A business ecosystem is a collection of related entities ? suppliers, distributors, customers, rivals, and government agencies ? collaborating and providing a particular product or service. The concept is that each entity in the ecosystem influences and is impacted by the others, resulting in an ever-changing connection. Therefore, each entity must be adaptive and flexible to live, much like a biological ecosystem. These connections are often backed by a shared technical platform and are based on the flow of information, resources, and artifacts in the software ecosystem.


Disrupts by offering a better understanding that customers are willing to pay for. Experience companies that have progressed may begin charging for the value of the transformation that an experience provides. An experienced company charges for the feelings consumers get as a result of their interaction with it.

Network builders:

This pattern is used to connecting individuals. It offers essential services for free but charges for extra services. The network effect is a paradox that occurs when more people utilize a product or service, the more valuable it becomes.

Online marketplace:

An online marketplace (or online e-commerce marketplace) is a kind of e-commerce website in which product or service information is supplied by various third parties or, in some instances, the brand itself, while the marketplace operator handles transactions. Additionally, this pattern encompasses peer-to-peer (P2P) e-commerce between businesses or people. By and large, since marketplaces aggregate goods from a diverse range of suppliers, the variety and availability are typically greater than in vendor-specific online retail shops. Additionally, pricing might be more competitive.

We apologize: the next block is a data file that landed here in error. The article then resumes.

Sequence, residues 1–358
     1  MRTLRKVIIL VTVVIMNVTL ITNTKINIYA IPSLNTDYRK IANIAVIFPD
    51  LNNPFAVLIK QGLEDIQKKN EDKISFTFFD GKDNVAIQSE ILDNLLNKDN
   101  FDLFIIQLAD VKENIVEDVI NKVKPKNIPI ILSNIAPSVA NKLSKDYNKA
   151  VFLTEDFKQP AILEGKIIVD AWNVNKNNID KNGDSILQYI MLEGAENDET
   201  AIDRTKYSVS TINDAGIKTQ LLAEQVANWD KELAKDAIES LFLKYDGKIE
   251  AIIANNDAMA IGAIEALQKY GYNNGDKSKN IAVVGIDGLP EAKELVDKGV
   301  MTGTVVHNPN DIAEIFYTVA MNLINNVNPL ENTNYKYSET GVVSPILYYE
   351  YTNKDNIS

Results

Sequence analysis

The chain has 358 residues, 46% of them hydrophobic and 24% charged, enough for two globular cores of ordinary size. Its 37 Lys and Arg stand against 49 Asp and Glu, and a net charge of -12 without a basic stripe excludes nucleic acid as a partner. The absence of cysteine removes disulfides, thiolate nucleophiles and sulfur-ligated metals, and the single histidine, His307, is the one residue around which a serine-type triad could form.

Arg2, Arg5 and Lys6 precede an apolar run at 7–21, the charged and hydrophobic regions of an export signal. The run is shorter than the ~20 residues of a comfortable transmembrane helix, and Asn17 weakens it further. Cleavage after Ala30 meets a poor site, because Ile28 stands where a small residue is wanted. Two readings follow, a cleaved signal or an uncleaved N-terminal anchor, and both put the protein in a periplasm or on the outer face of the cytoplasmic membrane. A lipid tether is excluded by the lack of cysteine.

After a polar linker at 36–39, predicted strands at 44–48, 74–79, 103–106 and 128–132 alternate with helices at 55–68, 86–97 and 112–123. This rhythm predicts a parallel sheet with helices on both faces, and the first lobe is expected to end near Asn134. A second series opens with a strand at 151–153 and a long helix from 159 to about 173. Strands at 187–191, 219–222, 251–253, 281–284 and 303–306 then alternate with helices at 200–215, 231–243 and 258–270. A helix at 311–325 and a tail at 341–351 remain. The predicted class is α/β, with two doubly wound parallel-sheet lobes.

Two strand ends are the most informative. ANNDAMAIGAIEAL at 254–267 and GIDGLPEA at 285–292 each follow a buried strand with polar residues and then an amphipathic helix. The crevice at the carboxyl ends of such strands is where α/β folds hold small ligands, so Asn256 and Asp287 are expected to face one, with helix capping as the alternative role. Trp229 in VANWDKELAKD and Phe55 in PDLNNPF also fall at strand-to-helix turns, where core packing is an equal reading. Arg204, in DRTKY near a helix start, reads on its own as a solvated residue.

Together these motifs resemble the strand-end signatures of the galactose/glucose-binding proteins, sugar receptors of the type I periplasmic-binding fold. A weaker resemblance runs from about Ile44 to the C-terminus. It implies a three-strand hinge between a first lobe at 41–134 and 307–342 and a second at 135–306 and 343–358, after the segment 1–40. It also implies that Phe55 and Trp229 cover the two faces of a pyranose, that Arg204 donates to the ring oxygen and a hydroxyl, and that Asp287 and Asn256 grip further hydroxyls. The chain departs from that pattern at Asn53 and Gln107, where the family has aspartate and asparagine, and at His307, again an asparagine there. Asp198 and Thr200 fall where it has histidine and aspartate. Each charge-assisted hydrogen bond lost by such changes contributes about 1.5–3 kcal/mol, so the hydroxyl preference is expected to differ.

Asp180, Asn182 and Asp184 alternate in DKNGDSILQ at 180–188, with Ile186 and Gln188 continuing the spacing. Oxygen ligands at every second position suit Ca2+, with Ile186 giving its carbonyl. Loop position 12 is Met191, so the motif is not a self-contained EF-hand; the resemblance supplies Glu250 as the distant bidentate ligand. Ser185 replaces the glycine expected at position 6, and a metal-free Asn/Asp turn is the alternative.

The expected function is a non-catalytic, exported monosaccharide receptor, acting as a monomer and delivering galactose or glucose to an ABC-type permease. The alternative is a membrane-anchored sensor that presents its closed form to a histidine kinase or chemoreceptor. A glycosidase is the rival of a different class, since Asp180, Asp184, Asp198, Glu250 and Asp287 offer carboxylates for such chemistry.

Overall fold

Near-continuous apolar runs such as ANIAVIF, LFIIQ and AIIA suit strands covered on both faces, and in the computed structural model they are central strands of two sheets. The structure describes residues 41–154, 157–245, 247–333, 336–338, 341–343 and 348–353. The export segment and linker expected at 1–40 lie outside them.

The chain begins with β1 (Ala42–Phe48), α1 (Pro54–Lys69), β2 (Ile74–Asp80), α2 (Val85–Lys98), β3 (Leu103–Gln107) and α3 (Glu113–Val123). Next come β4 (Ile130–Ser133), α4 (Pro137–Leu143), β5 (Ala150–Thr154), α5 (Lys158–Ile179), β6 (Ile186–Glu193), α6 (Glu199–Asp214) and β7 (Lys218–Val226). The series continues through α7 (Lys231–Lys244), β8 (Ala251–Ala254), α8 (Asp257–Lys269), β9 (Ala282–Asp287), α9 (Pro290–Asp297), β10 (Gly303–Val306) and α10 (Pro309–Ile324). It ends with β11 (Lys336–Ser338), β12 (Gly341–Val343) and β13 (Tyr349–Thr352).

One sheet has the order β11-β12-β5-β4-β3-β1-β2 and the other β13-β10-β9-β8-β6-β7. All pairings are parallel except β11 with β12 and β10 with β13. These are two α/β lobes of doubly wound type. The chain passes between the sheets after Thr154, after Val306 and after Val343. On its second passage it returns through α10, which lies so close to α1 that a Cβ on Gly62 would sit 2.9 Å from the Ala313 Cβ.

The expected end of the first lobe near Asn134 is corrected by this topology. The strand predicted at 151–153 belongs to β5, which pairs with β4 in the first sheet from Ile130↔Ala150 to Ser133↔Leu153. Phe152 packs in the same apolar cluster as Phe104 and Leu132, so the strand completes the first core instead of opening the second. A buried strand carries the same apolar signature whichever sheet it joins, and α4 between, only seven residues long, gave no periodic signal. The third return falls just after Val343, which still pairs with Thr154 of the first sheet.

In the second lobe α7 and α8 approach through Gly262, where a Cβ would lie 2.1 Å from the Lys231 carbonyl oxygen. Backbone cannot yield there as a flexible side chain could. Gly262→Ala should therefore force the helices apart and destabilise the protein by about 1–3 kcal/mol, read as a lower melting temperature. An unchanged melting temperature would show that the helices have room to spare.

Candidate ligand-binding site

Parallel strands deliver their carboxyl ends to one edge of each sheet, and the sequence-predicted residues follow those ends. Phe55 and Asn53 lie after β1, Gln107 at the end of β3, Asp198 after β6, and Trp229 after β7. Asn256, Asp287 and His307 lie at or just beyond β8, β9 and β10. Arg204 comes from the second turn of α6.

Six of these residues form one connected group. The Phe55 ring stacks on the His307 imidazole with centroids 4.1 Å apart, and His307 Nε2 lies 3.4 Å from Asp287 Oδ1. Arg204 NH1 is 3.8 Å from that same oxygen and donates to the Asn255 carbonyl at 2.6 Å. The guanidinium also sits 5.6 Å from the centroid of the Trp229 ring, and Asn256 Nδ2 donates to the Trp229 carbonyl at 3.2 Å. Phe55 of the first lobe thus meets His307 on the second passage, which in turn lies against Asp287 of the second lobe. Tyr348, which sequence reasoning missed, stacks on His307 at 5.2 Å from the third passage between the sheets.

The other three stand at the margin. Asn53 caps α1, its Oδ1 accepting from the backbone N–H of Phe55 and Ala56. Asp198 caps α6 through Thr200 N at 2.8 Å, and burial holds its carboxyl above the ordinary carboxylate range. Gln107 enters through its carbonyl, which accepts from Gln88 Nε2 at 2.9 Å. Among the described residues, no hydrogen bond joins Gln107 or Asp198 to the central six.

Platform as a Service (PaaS):

Platform as a Service (PaaS) is a class of cloud computing services that enable users to create, operate, and manage apps without the burden of establishing and maintaining the infrastructure usually involved with designing and developing an app.

Transaction facilitator:

The business acts as an acquirer, processing payments on behalf of online merchants, auction sites, and other commercial users for a fee. This encompasses all elements of purchasing, selling, and exchanging currencies at current or predetermined exchange rates. By far the biggest market in the world in terms of trade volume. The largest multinational banks are the leading players in this industry. Around the globe, financial hubs serve as anchors for trade between a diverse range of various kinds of buyers and sellers 24 hours a day, save on weekends.

Two-sided market:

Two-sided marketplaces, also called two-sided networks, are commercial platforms featuring two different user groups that mutually profit from the web. A multi-sided platform is an organization that generates value mainly via the facilitation of direct contacts between two (or more) distinct kinds of connected consumers (MSP). A two-sided market enables interactions between many interdependent consumer groups. The platform's value grows as more groups or individual members of each group use it. For example, eBay is a marketplace that links buyers and sellers. Google connects advertising and searchers. Social media platforms such as Twitter and Facebook are also bidirectional, linking consumers and marketers.